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Mayor Joe Ochoa, featured left, presents a proclamation to Officer Balde  Gómez, center, and Chief of Police Quirino Muñoz on Tuesday, July 15, designating Tuesday, August 5 as “Edinburg’s Night Against Crime”. The 13th annual event, being hosted by the Edinburg Crime Stoppers Association, is part of a nationwide effort to empower citizens to work with local law enforcement to help spot, prevent, and discourage criminal activities in their hometowns.  In Edinburg, the event will be held from 6 p.m. to 10 p.m. at the Edinburg Municipal Park, located at 714 South Raúl Longoria Road. Parking and admission to the local event is free and open to the public. There will be booths where food and non-alcoholic beverages will be available for purchase, and live concerts – also free – will be featured during the evening.  Robert Pulido y Los Clasicos, Riley y Los Gilitos, Los Badd Boys del Valle, and the 24/7 rock band will perform during the evening.  Prizes, vendors, kid rides, and a special guest appearance by the Green Ghost will also be featured.  Last year’s event drew more than 5,000 people. More information is available by calling the Edinburg Police Department at 383-7124. ••••••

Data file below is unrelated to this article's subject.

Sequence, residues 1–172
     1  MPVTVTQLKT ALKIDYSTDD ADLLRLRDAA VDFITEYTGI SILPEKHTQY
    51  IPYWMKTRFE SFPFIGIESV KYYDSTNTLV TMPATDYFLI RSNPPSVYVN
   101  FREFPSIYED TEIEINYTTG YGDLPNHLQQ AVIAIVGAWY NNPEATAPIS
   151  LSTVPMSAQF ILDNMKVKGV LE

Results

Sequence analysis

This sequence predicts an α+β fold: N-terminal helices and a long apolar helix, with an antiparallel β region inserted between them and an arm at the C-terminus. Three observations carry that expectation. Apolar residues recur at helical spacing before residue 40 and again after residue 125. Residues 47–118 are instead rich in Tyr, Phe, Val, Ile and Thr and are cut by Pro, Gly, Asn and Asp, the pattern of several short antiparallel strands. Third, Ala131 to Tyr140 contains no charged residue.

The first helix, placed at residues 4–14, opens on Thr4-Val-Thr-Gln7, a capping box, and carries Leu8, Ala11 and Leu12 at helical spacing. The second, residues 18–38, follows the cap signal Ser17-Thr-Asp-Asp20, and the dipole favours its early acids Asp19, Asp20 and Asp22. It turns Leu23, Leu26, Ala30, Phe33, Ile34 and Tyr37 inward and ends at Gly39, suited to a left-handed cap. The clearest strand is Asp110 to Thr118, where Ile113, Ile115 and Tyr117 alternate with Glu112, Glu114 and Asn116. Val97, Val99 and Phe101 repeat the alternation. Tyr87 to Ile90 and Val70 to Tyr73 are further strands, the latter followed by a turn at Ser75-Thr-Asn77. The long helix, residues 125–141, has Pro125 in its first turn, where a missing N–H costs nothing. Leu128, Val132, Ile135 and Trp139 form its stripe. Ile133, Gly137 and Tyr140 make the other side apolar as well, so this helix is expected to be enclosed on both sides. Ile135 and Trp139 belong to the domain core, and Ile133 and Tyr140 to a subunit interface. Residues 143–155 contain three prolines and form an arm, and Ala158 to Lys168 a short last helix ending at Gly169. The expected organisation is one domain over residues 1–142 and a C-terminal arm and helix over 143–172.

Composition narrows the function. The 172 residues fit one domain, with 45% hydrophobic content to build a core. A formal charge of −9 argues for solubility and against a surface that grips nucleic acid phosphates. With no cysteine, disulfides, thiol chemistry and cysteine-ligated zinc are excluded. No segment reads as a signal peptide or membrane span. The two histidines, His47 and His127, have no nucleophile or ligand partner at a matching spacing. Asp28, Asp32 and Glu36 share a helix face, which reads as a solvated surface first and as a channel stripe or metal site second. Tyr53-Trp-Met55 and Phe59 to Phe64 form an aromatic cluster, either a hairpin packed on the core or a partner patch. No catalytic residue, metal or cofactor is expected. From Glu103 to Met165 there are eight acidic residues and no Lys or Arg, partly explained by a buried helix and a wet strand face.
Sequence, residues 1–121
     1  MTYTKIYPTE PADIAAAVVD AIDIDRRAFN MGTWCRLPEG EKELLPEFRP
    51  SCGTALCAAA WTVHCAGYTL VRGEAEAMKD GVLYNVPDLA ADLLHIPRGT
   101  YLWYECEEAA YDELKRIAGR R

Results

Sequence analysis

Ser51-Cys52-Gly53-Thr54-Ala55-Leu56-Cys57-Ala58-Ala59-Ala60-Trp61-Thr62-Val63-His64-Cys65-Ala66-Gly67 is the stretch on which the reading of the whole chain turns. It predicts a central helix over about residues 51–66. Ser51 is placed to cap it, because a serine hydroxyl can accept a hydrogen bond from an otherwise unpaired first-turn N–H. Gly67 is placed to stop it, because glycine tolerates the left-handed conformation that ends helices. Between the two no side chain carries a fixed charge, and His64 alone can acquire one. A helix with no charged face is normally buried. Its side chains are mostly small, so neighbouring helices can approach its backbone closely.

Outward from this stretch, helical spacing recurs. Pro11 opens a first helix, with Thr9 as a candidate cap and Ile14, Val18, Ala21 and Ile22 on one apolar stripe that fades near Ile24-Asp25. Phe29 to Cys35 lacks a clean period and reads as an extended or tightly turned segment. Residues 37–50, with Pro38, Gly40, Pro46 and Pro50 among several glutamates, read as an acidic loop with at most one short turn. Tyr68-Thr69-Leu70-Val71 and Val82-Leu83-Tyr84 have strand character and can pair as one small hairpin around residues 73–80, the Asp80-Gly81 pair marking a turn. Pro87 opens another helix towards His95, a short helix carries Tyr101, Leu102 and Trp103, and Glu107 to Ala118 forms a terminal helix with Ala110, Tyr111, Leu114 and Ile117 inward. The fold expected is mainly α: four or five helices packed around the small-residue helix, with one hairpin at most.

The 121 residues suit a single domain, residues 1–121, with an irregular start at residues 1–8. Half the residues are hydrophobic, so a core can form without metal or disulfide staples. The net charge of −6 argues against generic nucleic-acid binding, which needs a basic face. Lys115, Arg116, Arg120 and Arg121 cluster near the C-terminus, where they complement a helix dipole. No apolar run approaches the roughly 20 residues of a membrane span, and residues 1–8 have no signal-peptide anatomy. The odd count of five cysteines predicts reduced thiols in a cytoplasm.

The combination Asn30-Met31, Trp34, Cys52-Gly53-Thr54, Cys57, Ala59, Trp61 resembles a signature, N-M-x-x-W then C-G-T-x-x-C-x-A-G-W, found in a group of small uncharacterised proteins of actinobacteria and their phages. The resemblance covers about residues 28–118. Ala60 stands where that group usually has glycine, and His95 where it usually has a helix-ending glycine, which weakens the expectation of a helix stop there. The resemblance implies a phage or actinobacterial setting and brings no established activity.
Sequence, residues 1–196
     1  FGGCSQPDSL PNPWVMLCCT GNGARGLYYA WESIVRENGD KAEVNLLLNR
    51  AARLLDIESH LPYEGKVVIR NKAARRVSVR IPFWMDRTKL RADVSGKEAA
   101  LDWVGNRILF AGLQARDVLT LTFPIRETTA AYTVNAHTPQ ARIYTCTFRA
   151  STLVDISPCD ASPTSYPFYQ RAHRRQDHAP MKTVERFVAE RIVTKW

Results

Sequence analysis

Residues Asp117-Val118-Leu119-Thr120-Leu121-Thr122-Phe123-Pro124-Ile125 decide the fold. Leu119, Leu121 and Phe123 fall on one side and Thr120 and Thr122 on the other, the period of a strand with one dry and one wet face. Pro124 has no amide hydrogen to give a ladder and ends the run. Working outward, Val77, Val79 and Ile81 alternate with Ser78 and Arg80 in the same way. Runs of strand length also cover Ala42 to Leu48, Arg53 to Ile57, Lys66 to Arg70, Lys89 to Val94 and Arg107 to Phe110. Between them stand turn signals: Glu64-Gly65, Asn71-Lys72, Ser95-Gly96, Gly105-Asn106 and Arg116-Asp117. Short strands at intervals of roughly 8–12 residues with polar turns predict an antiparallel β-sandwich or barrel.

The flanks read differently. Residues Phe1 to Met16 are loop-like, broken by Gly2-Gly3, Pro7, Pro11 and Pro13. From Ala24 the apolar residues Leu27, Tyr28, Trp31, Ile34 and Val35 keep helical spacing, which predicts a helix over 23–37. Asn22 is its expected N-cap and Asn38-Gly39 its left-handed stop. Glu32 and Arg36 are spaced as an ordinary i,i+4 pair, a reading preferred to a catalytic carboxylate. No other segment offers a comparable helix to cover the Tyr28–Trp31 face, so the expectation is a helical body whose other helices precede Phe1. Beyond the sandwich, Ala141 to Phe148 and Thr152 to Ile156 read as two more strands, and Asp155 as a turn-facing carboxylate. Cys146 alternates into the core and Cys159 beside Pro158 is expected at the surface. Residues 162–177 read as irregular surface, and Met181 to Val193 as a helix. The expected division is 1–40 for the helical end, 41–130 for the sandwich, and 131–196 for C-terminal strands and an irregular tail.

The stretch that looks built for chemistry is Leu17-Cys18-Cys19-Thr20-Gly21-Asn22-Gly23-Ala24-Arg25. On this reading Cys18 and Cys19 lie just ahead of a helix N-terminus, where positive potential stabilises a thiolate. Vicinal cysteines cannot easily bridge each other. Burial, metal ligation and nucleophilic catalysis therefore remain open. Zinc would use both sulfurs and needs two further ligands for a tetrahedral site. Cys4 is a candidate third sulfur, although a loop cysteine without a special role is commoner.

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Hidalgo County Road Builders negotiates $46.3 million contract to work on Hidalgo County Loop project for local Regional Mobility Authority

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Mayor Pro Tem Alma Garza and Johnny Rodríguez, her opponent in the Saturday, May 10 city council elections, maintained a positive, friendly tone on Wednesday, March 12, when both candidates showed up late that morning at Edinburg City Hall to see whose name will be placed first on the ballot for their seat. Staff members for the City Secretary drew the names with the candidates looking on as witnesses. Garza will have her name first on the ballot. In the second race, challenger Leonel Guerrero’s name will be first on the ballot in his race against Councilmember Gene Espinoza. Guerrero also attended the drawing, which was open to the public. Espinoza was unable to attend due to other important business. Garza and Rodríguez are vying for the Place 4 city council post, while Guerrero and Espinoza are seeking the Place 3 seat.